Iqsak is a Sugt’stum word that translates to “hook,” or more specifically, “halibut hook.” The Iqsak project was funded by the U.S. Department of Education and Chugachmiut in 2010. The purpose of this project is to develop a K–12 curriculum for the Chugach region that reflects Alaska Native beliefs, values, and understandings of the natural world and science education standards. CRRC believes that a culturally based natural resource science curriculum would enhance Alaska Native students’ education and motivation to pursue post-secondary degrees and careers in the sciences and natural resource management. CRRC curriculum weaves National Science Education Standards with local Traditional Knowledge. Research shows that learning is enhanced when subject matter is linked to local communities in interesting and relevant ways. This relevancy aids in the capacity to learn and integrate the latest information. CRRC staff works with schools and communities to develop curriculum to help increase student awareness and interest in the sciences and Tribal natural resource management.
Learning about the resources found in the region and understanding the value of management is an important educational outcome for all students in the CRRC communities. The K–12 science curriculum supports Alaska Native and Alaskan students by motivating them to take an interest in science and to continue their education in the sciences. To make such an endeavor interesting and inviting to Alaska Native students, the curriculum components were identified by the community and the local culture in a meaningful, inquiry-based approach. The broader statewide Alaska Native community may also be served by this project through the development of this K–12 standards-based science curriculum.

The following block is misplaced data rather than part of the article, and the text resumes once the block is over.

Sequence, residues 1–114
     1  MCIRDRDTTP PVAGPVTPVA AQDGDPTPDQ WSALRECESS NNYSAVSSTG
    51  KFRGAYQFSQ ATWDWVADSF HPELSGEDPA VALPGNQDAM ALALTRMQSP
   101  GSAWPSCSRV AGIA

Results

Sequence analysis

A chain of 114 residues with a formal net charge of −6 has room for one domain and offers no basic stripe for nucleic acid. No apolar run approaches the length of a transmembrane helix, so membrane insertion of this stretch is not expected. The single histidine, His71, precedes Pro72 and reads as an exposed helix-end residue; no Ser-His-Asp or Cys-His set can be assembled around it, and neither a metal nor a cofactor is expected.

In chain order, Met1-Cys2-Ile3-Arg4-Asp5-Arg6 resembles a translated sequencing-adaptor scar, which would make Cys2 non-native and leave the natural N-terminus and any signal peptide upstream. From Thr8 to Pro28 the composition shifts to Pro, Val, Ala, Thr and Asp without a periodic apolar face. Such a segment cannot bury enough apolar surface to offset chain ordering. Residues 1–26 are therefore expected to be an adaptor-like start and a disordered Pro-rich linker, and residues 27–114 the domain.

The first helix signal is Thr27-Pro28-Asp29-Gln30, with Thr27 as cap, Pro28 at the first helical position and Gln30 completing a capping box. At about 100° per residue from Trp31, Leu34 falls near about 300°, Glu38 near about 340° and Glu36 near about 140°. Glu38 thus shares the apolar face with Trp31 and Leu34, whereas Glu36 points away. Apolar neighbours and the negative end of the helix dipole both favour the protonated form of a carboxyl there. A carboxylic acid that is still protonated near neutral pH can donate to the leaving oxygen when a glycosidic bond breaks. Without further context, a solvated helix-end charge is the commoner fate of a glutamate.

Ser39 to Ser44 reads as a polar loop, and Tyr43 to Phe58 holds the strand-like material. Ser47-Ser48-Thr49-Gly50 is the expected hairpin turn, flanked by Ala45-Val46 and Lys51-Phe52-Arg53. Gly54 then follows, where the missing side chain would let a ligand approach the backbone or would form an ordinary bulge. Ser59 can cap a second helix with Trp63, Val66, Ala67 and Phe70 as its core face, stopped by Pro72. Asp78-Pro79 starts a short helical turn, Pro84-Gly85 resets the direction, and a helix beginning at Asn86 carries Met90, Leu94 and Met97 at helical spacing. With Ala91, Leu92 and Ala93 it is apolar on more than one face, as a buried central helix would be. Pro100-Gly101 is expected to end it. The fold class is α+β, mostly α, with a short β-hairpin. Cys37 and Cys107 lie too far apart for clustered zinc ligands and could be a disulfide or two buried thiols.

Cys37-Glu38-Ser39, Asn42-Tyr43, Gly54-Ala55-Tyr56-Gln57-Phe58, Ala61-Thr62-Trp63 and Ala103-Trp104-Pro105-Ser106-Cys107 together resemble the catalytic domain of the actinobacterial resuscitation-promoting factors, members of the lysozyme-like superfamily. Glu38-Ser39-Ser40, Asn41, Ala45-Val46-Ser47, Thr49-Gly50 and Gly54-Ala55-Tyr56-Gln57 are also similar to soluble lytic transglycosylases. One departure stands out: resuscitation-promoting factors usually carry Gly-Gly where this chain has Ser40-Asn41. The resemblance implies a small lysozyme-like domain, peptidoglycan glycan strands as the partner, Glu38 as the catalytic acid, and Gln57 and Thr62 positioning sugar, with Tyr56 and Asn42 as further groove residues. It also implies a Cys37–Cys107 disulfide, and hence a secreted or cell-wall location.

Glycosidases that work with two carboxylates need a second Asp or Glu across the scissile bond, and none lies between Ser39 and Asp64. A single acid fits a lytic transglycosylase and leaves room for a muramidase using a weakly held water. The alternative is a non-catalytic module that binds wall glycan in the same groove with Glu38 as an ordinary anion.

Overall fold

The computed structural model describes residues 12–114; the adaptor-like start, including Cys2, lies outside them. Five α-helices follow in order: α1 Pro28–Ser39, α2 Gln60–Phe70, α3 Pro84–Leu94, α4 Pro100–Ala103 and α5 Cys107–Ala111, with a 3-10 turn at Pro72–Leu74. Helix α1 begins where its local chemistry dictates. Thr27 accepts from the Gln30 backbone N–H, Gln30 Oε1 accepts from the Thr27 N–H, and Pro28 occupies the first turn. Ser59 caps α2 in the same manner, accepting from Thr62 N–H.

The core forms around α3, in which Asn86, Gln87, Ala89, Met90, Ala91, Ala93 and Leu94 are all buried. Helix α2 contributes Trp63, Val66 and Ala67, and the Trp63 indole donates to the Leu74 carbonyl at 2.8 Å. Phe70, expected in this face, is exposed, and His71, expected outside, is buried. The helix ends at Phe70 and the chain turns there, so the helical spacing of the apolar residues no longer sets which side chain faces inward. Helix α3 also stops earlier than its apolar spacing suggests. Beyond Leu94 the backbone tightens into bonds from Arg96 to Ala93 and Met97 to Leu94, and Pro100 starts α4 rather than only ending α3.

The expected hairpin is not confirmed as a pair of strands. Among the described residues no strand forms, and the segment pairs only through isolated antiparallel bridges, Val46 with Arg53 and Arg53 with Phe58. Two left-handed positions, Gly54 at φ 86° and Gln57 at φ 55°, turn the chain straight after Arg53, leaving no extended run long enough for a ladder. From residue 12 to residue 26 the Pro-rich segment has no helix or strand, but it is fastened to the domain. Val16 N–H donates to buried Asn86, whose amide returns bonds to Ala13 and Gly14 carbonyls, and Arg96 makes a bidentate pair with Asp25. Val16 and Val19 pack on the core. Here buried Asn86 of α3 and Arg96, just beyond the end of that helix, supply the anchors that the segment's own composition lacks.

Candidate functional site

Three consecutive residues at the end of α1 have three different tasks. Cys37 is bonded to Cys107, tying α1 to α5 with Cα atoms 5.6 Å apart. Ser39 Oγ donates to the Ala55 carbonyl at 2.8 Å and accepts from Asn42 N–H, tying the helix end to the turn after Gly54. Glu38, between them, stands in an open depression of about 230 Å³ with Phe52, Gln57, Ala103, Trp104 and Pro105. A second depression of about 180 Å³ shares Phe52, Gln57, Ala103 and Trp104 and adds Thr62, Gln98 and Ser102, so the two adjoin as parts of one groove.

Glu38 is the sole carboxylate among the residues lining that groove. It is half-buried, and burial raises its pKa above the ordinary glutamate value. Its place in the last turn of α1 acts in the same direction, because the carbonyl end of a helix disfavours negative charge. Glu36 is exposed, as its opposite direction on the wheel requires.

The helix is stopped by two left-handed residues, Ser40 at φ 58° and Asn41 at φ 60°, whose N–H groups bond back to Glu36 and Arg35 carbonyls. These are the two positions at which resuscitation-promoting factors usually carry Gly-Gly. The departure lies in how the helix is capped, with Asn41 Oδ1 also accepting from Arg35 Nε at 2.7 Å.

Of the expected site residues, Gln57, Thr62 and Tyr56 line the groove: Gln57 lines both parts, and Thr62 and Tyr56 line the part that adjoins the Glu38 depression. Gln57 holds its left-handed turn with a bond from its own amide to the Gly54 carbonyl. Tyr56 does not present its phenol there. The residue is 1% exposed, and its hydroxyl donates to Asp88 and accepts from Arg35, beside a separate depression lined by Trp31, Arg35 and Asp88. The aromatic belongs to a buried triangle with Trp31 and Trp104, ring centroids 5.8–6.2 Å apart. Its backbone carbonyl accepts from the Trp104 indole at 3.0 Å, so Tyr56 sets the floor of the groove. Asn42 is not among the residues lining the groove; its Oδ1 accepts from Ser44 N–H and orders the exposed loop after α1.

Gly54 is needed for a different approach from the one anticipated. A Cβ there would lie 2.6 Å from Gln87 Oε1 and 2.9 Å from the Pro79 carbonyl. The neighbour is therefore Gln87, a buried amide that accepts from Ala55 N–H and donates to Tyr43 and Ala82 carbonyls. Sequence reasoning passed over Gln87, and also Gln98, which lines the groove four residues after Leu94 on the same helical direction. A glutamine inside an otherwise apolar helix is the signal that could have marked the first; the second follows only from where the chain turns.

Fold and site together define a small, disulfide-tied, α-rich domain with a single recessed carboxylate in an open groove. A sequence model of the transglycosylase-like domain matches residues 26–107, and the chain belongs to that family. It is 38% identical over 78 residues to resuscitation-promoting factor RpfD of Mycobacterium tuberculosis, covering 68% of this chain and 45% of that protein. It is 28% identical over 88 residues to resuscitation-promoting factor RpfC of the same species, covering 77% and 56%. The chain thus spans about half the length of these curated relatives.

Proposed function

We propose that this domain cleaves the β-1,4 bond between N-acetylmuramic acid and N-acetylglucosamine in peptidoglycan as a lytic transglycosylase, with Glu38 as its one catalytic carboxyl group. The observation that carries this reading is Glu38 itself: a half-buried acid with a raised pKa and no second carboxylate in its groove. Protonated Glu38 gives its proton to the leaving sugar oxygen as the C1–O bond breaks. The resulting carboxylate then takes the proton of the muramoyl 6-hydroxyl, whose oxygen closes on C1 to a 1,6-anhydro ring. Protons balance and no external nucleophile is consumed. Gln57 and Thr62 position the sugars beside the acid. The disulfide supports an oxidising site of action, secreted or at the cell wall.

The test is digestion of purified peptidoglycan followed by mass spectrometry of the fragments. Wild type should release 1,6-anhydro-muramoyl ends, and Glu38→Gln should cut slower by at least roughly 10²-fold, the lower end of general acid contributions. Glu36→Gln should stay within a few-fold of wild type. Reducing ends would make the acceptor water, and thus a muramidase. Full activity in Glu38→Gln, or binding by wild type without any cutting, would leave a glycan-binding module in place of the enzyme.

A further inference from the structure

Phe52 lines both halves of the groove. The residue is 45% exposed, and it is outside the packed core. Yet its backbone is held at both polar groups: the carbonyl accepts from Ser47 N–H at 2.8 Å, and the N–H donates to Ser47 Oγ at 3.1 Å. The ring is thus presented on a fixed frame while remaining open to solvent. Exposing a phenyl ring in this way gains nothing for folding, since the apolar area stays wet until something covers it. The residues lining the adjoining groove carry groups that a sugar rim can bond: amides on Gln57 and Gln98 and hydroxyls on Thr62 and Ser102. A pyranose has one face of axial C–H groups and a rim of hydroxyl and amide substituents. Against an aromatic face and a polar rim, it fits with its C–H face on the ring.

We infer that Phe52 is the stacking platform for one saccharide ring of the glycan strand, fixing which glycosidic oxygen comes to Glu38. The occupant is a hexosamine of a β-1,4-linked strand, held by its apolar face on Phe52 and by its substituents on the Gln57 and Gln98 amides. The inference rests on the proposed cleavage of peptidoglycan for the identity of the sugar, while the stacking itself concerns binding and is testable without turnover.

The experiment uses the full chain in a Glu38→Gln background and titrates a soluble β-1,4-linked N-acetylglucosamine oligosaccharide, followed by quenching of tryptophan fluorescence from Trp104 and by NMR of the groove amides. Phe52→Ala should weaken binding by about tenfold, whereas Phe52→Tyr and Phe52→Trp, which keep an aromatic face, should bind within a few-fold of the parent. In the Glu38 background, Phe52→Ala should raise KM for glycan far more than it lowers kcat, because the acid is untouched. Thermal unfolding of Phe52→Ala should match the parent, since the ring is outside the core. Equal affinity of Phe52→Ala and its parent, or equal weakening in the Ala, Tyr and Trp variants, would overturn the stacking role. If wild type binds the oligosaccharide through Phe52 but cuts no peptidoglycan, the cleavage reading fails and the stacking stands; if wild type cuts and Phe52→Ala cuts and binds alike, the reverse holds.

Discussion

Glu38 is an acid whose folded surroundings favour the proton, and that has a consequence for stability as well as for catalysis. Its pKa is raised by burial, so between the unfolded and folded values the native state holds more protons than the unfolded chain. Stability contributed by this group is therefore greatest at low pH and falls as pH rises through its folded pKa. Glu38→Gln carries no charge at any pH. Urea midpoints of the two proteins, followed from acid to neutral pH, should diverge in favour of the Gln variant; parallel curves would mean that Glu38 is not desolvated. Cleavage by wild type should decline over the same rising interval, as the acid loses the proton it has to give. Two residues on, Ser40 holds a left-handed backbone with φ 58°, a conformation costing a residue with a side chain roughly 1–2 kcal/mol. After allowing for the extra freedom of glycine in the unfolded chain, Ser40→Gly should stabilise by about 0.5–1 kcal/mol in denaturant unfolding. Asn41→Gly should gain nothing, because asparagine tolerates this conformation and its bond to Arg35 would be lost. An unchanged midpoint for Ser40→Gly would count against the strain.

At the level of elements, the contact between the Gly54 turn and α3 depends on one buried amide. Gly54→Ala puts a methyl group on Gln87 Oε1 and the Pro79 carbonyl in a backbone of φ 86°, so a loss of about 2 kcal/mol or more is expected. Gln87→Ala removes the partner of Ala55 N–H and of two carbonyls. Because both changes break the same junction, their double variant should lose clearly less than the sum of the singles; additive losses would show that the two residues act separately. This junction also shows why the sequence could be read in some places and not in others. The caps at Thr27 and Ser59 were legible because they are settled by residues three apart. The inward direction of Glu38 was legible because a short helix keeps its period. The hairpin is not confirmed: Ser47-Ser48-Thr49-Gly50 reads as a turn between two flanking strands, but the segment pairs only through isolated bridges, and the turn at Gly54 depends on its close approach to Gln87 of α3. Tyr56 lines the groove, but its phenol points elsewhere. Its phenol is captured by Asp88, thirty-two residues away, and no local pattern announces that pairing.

To sustain Sugpiaq knowledge about the Chugach environment and the application of that knowledge to daily life, cultural practices, language, scientific research, and natural resource management.
Our goal is to develop a K–12 Alaska and National Science standards-based curriculum integrating natural resource management and regional Indigenous Knowledge. The curriculum will be made available to all schools in the Chugach region in hard copy and electronic format. In order to achieve this goal, CRRC has identified the following objectives:
Develop K–12 standards-based science curriculum integrating regional natural resource management and Indigenous Knowledge (Year 1 and 2).
Post electronic K–12 standards-based science curriculum integrating regional natural resource management and Indigenous Knowledge (Year 3).
Ascertain educator and secondary students’ perceptions of curriculum via pre- and post- surveys conducted before and after they pilot the curriculum developed by CRRC (Year 2 and 3).
Below are the five units developed to support our mission and goals. See the full list of corresponding lesson plans at http://www.iqsak.org/lessons.
Oceans and Rivers
Relationships. Many ecological, social, and cultural relationships exist, and they are all independent.
Beaches and Tidal Zones
Diversity. There is a great diversity of habitats, organisms, and cultures throughout Alaska and in the Chugach region.
Land and Forests
Communities. The natural world is characterized by populations of individuals, each with unique strategies for survival for both resource and user.
Weather, Wind, and Air
Cause and effect. Everything is related to the natural world, locally and globally.
Physical science principles in everyday life. Every day, we interact with different forms of energy and matter.
Learn More about This Project and Incorporating Indigenous Knowledge into Your Curriculum
Contact CRRC’s Education and Outreach Coordinator, Carol Conant at .